WASHINGTON — House Speaker Nancy Pelosi on Wednesday ruled out censuring President Trump as an alternative to starting an impeachment proceeding against him, and said that if Democrats conclude he should be charged under the Constitution for misconduct, impeachment was the only option.
“Censure is a way out — if you’re going to go, you’ve got to go,” Ms. Pelosi said at a breakfast meeting with reporters. “If the goods are there, you must impeach.”
But Ms. Pelosi made it clear that she did not currently support opening an impeachment inquiry against the president, despite the small but growing number of Democrats in her ranks who have said it is time to take that step.
The issue has become a political flash point among Democratic activists and an increasingly tricky balance for Ms. Pelosi to strike. While she maintains that Mr. Trump has engaged in criminal behavior and obstruction of justice, she argues that impeachment should be avoided at least until Democrats can uncover more evidence of wrongdoing and make an ironclad case against Mr. Trump.
“Every day, we see more, so why would we stop with a less-strong case?” Ms. Pelosi said. “If you’re going to go down this path, you have to make sure that the public has an understanding of why, and that when the president — if the president is impeached, that the Senate understands that they either honor the oath of office to protect and defend the Constitution of the United States, and if they don’t, the public will hold them accountable for not holding the president accountable.”
Ms. Pelosi said some Democrats had privately told her that they supported censuring Mr. Trump, which would involve a vote on the House floor to reprimand him, but she believes the move would have little effect.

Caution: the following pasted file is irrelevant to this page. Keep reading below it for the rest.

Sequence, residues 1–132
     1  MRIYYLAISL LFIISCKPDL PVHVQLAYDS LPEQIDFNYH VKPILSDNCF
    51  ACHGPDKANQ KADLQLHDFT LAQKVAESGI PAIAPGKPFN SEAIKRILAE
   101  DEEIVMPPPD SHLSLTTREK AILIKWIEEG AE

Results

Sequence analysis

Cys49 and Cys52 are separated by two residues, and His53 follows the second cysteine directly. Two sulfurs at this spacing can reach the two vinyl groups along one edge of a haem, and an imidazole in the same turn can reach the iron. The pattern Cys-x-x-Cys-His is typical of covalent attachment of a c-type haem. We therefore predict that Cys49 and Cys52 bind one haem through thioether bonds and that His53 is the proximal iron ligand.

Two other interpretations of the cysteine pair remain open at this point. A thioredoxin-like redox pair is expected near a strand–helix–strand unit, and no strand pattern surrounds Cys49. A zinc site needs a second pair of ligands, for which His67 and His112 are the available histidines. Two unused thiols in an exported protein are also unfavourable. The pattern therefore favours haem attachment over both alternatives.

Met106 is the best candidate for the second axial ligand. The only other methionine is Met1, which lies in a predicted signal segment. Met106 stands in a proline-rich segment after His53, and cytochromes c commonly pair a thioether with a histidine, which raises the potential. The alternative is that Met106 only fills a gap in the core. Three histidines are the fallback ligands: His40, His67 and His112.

“That’s a day at the beach for the president, or at his golf club, or wherever he goes,” she said.
More than 60 of the 235 House Democrats publicly support impeaching Mr. Trump, including more than half of those sitting on the Judiciary Committee, which has jurisdiction to initiate the proceedings. Most of them are from Democratic districts where voters are overwhelmingly favor such a move, but in the past few days two lawmakers who hold seats that are considered competitive — albeit in Democratic-leaning districts — have come out in support of opening an inquiry.
If the trend continues, Ms. Pelosi’s effort to hold off the drive toward impeachment could become more complicated, although people close to her maintain that she would feel no compulsion to change her stance unless it became clear that a House majority supported the step. On Wednesday, she reiterated that she felt “no pressure” from her colleagues to do so, nor was she pressuring them to hold back. But she also seemed to concede that tamping down on impeachment fervor within her ranks had grown more difficult in large part because of Mr. Trump’s conduct.
“Every day the president puts more grounds forward that says he is obstructing justice, and that has affected members,” Ms. Pelosi said. “It’s self-evident that he is obstructing justice. He’s ignoring subpoenas.”
As she spoke, Hope Hicks, Mr. Trump’s former communications director at the White House and a witness in the investigation by the special counsel, Robert S. Mueller III, into Russia’s interference in the 2016 election, was making her way to Capitol Hill for closed-door testimony to the judiciary panel.
While the committee’s members had hoped to question her about episodes of possible obstruction of justice, many of their attempts were thwarted by her personal lawyer and a White House attorney who repeatedly objected to questions about her time in the West Wing. Some Democrats on the panel said they might have to take her to court to compel her to answer.